In J. R. R. Tolkien’s famous series The Lord of the Rings, a creature called Gollum becomes consumed by an obsession with the One Ring. Gollum was originally a hobbit-like creature known as Smeagol, who murdered his friend to take possession of the ring shortly after he discovered it.
Smeagol’s family later shunned and exiled him because of his deceitful and disruptive ways when using the ring, which made him invisible. Gollum had an insatiable hunger for the ring and its power. He centered his entire life around owning it and recovering it after he lost it, and it cost him everything.
Although our cravings may not be as extreme as Gollum’s addiction, we all have things we desire in life. Children chase after an extra cookie or longer time at recess. Adults desire certain relationships or positions at work. We all tend to place a higher priority on pursuing those things that we believe will satisfy a longing in our hearts. We were created to hunger and strive with the hope of satisfaction; the question is “What will satisfy?”
In John 4, Jesus encountered a woman at a well. Although she may not have realized it, this Samaritan woman was needy for a solution to her sin; as with all people today, apart from Christ, we are all enemies of God.
Jesus highlighted her need for a permanent solution to her deepest thirst, telling her that she should be begging him for a drink of the water he was able to offer—“living water.”
Without new birth in Christ (see John 3), we all have dirty hearts and we are all riddled with sin. Our sinful nature has estranged humanity from God since the fall. In fact, not only are we estranged from God but our sin causes there to be enmity, or hostility, between God and us (Rom. 1:28-32; Eph. 2:1-3).
All of us are thirsty, longing for something that will satisfy us completely. How we each try to satisfy our thirst looks different from person to person: for some people, it looks like viewing pornography; for others, it looks like working endless hours, always needing to move up to the next thing. But the need is the same in every circumstance; we are in need of Jesus and connection with him to fulfill our deepest longings.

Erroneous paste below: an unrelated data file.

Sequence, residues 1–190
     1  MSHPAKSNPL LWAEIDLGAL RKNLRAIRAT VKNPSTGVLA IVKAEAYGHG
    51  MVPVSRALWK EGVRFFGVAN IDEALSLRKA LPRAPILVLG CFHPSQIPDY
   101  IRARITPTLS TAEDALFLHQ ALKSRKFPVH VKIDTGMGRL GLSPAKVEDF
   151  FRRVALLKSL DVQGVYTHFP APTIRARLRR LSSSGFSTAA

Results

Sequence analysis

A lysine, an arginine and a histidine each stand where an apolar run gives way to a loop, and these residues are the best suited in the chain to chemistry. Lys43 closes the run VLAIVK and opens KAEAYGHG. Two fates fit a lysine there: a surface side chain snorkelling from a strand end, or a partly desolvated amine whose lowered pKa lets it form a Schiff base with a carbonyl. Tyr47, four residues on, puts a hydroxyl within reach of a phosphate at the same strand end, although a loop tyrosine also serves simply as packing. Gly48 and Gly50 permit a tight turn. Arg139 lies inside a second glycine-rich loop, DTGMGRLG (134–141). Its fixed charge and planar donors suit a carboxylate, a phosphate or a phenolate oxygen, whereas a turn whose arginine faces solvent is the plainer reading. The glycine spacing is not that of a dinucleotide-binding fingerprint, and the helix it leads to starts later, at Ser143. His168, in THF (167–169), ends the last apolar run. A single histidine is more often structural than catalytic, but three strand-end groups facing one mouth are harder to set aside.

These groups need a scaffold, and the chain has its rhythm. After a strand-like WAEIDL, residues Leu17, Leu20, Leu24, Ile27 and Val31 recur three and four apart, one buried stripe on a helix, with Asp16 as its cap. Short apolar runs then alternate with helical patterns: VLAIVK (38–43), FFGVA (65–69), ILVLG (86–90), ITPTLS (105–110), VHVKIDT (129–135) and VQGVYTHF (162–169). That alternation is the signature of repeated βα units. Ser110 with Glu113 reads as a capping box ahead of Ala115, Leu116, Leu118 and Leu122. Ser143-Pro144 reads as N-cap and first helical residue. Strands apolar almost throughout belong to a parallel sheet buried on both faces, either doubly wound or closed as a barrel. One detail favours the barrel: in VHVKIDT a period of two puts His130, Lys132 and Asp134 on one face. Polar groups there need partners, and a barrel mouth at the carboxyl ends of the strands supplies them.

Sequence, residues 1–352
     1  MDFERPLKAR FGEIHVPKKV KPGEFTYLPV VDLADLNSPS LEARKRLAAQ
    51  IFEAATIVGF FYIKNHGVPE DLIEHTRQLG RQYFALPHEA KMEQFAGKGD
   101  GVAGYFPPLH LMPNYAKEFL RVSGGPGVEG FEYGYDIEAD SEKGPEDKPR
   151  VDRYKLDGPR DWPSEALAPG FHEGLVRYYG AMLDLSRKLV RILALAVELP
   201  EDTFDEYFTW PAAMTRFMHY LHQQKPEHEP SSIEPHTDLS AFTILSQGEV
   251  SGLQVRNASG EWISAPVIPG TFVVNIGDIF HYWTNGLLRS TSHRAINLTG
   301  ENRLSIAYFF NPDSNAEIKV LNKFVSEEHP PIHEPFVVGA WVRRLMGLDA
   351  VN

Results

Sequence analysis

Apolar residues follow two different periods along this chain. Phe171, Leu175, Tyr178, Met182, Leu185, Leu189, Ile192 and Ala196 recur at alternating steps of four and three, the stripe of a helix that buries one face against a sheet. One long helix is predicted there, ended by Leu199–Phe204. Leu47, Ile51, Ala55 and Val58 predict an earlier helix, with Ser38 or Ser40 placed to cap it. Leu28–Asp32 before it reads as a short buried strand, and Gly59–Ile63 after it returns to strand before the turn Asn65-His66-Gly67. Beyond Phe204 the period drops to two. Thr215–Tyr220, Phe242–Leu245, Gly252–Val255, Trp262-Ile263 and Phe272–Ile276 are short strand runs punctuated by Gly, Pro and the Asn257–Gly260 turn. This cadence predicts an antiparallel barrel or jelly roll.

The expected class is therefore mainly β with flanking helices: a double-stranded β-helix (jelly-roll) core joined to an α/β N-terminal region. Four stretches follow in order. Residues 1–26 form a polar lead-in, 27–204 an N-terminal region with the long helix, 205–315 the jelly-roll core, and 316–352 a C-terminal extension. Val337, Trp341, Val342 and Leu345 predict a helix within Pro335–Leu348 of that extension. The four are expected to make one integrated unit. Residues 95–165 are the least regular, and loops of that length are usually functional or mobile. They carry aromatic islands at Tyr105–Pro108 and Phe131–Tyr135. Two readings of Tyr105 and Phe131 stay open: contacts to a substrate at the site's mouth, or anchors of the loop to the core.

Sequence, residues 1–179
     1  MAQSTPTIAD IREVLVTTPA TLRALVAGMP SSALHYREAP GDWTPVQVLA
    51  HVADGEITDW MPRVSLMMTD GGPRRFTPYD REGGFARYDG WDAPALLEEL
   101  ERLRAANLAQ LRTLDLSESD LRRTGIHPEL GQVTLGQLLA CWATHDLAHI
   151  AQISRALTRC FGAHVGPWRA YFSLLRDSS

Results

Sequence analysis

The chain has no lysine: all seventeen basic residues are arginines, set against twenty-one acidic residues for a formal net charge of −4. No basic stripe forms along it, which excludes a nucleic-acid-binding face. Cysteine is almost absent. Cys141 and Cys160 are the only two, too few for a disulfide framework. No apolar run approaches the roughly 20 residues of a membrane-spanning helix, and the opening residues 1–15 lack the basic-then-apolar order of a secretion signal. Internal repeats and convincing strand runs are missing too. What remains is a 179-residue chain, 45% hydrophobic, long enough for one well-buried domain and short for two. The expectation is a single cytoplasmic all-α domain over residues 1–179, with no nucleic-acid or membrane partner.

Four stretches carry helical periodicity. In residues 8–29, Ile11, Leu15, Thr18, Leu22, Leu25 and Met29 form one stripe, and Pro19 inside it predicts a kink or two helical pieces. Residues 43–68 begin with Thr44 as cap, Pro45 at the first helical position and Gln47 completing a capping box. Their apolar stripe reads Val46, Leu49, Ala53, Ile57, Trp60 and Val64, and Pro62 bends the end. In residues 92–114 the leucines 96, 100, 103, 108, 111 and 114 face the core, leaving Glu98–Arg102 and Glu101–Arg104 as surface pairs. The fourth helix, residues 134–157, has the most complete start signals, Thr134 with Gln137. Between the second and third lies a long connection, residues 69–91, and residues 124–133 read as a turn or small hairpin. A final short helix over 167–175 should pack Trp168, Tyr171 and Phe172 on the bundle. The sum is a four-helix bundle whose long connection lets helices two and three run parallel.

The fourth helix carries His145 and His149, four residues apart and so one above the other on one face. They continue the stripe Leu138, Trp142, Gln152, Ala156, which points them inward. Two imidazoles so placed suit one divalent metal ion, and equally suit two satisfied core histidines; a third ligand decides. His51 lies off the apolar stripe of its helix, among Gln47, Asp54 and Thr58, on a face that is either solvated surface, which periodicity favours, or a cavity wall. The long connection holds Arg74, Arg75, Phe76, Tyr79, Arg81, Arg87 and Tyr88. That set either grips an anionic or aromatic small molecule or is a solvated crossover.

Fortunately for us, God loves his enemies and works toward our reconciliation. In The Grace of Giving, Stephen F. Olford illustrates this through an encounter between a Baptist minister named Peter Miller and his friend, George Washington. Olford writes:
In the days of the American Revolution there lived at Ephrata, Pennsylvania, a Baptist pastor by the name of Peter Miller, who enjoyed the friendship of General George Washington. Also residing in that town was Michael Wittman, an evil-minded sort who did all in his power to abuse and oppose the pastor.
One day Michael Wittman was arrested for treason and sentenced to death. Pastor Miller, traveling many miles on foot, walked to Philadelphia to plead for Wittman’s life. When admitted into Washington’s presence Pastor Miller at once begged for the life of the traitor.
“No, Peter,” said Washington, “I cannot grant you the life of your friend.”
“My friend!” exclaimed the preacher. “He is the bitterest enemy I have.”
“What?’ cried Washington, “you have walked all these miles to save the life of an enemy? That puts the matter in a different light. I will grant the pardon.”
And he did. Peter Miller took Michael Wittman from the very shadow of death and returned him—no longer an enemy, but a friend—to Ephrata.
Miller’s intervention on behalf of Wittman is just a shadow—and an outworking—of God’s reconciling love for us. God made a way for us to receive the “living water” we so desperately need—the gift of the Holy Spirit, who grants eternal life to those in whom He dwells. Jesus made this gift possible for us by his death on the cross in our place.
The living water—the Spirit—that Jesus taught the Samaritan woman about satisfies completely. The Holy Spirit fills us with eternal life and helps us to worship our Maker as we ought—in Spirit and truth.
Furthermore, the Holy Spirit leads us to share the good news of the gospel with others so they too can join in the worship of God. Jesus not only taught about the living water of the Spirit, he also made it possible for us to drink of the living water.
When we encounter Jesus as the Messiah and believe in him, we may receive and drink the living water only he can provide. And only through Jesus can we worship in Spirit and truth because he is the revelation of God. Because of the Father’s gifts of the Son and the Spirit, we are motivated to share the good news of Jesus with others so they can believe and join in the worship he provides.